Hope and Honor

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Major General Sid Shachnow is more than a highly decorated Vietnam War veteran with two Silver and three Bronze Stars with V for Valor. He survived a crucible far crueler than the jungles of Vietnam: Nazi-occupied Eastern Europe, spending three years in the notorious Kovno concentration camp as a child. At age ten, with nothing but rags on his back, he was finally able to flee that hellhole. Most of those he left behind died.

After returning to his home in Lithuania, now occupied by the Soviets, and finding it unbearable, Shachnow and his family decided to head west, often on foot, across Europe to the U.S. zone in Germany, where they found refuge. To earn a living in the grim aftermath of war, he smuggled black market contraband for American GIs. His next journey was to America, where he worked his way through school and enlisted in the U.S. Army, volunteering for U.S. Special Forces, where he served for thirty-two years. His primary goal was to save others from the indignities he had endured and the deadly fate he so narrowly escaped.

From Vietnam to the Middle East to the Berlin Wall, Sydney Shachnow served in Special Operations. He grew as Special Forces grew, receiving both a master's and a doctoral degree. He traveled the world, rising to major general, responsible for American Special Forces everywhere, but the lessons of Kovno stayed with him wherever he turned, wherever he soldiered.

Hope and Honor is a powerful and dramatic memoir that shows how the will to live---so painfully refined in the fires of that long-ago death camp---was forged, at last, into truth of soul and wisdom of the heart.

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Hope and honor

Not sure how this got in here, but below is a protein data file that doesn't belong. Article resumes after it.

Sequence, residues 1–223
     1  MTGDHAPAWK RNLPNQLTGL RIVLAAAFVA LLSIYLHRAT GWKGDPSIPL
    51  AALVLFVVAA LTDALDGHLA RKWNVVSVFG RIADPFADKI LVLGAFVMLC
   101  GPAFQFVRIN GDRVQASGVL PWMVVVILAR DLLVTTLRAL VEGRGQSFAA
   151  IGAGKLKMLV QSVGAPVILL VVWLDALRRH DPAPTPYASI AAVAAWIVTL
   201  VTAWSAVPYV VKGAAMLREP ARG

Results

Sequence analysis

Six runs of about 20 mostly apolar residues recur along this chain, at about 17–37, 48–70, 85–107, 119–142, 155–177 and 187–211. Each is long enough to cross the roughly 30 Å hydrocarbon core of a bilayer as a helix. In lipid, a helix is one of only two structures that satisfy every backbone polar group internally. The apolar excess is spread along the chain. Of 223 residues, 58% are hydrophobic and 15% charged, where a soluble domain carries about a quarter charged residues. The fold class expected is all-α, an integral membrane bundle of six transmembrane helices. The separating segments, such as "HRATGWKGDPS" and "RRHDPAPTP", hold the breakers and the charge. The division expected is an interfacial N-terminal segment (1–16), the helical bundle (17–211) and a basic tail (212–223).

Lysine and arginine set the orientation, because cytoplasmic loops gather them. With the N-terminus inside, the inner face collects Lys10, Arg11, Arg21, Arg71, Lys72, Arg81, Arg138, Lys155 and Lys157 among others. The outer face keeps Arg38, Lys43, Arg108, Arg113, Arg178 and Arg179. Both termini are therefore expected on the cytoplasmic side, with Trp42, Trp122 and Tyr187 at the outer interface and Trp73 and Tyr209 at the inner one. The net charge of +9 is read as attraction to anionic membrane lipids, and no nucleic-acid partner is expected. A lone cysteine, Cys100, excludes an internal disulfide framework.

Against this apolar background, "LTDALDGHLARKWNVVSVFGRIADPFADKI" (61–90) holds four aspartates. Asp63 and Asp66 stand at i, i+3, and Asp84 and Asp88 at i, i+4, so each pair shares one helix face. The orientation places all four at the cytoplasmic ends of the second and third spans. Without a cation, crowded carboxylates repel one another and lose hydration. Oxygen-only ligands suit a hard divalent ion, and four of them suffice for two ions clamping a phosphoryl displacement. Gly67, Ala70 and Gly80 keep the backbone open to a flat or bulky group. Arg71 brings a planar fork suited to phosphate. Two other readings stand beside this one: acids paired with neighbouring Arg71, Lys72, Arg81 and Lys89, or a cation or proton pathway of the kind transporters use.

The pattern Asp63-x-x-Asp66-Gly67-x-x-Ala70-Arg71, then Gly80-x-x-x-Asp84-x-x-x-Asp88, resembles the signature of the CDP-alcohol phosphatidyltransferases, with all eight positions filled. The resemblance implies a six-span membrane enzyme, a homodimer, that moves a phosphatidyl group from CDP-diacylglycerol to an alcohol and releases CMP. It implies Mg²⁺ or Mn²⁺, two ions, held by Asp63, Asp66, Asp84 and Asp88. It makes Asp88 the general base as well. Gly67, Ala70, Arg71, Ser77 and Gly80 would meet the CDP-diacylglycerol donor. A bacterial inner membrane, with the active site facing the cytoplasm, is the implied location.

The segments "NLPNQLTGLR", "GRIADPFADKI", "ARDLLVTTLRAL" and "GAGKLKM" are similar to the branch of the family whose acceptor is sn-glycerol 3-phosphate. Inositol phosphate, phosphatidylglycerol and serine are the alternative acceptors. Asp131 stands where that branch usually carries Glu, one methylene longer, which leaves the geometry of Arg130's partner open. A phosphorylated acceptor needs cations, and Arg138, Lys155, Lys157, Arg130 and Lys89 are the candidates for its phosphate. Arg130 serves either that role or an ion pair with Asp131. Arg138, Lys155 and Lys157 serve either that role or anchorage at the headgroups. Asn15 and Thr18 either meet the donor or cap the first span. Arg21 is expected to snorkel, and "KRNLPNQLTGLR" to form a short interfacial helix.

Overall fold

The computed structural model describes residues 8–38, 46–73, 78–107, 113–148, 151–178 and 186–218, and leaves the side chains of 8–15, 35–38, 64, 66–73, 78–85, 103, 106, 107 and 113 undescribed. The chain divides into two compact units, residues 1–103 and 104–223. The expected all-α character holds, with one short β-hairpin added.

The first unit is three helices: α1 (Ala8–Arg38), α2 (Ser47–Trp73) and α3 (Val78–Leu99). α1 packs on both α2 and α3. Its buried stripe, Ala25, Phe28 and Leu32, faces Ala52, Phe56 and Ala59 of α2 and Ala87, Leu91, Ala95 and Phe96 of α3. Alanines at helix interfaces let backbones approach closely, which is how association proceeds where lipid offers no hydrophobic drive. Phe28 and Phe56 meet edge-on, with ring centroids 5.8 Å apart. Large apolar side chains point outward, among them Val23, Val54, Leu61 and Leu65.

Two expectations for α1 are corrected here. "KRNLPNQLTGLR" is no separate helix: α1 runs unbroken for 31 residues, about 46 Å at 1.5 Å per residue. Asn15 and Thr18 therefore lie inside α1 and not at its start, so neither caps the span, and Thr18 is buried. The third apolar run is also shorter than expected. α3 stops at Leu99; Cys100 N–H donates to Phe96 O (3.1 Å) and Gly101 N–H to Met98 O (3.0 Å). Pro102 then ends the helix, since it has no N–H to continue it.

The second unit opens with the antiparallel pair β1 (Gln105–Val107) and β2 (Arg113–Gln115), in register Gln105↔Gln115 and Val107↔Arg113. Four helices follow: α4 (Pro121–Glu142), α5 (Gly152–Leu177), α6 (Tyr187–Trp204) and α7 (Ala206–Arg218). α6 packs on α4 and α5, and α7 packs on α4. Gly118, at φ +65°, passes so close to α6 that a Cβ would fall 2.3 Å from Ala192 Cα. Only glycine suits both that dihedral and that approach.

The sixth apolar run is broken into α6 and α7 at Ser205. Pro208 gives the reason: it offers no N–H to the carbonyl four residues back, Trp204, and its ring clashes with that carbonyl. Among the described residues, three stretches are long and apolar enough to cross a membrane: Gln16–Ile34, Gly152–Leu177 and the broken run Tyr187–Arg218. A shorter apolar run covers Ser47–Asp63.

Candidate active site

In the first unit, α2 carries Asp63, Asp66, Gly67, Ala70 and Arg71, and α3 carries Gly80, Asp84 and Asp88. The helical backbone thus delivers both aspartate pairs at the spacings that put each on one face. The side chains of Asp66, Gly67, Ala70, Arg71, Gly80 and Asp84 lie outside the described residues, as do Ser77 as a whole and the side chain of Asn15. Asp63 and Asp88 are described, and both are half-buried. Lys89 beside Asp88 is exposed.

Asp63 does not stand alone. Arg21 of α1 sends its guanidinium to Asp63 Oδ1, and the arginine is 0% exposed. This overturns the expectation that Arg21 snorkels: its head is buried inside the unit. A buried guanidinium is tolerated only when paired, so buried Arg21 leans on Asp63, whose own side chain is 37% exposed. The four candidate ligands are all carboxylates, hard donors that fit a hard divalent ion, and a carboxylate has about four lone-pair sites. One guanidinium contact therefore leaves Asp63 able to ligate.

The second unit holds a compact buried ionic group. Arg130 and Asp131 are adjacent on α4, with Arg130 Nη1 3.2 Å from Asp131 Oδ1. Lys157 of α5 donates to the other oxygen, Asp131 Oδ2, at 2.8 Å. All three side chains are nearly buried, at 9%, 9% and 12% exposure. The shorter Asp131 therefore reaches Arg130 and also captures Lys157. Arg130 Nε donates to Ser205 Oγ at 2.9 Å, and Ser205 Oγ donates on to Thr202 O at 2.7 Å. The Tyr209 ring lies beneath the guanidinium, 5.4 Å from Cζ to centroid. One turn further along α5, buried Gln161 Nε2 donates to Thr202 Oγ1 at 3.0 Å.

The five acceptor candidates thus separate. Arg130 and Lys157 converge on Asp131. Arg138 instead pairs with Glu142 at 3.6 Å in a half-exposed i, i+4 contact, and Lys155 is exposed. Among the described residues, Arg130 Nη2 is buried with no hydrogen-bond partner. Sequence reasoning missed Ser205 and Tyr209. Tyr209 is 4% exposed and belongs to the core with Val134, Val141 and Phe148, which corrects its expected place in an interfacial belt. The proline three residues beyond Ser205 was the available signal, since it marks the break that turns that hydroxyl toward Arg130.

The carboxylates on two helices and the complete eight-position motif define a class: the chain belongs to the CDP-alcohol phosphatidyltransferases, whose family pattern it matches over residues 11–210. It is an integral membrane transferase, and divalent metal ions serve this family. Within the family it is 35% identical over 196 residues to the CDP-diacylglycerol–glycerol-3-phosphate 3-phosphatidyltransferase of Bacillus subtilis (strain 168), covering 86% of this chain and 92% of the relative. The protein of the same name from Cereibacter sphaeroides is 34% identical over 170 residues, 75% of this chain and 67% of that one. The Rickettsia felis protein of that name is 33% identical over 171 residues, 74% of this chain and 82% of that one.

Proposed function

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A former commanding general of the U.S. Army Special Forces, Shachnow here recounts his life and career. As a child, Schachnow, along with his family, narrowly escaped death in a Nazi concentration ... Read full review


Part I
Part II
The Road to Treedom 19451955
Part III

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About the author (2004)

Major General Sid Shachnow was ten years old when he escaped the notorious Kovno concentration camp in Nazi-occupied Lithuania. He made his way across Europe where he made a living by smuggling contraband. He eventually came to America and enlisted in the U.S. Army, volunteering for U.S. Special Forces, where he served for thirty-two years. After serving in Vietnam and earning two Silver Stars and three Bronze Stars with V for Valor, he rose to the status of major general in charge of all U.S. Special Forces. Since his retirement in 1994, he has traveled widely, consulting for the Pentagon on special operations in the world's trouble spots, notably in Korea. He is a much-sought-after public speaker, and instructs from time to time at military institutions such as the U.S. Army Command General Staff College and the U.S. Army War College.

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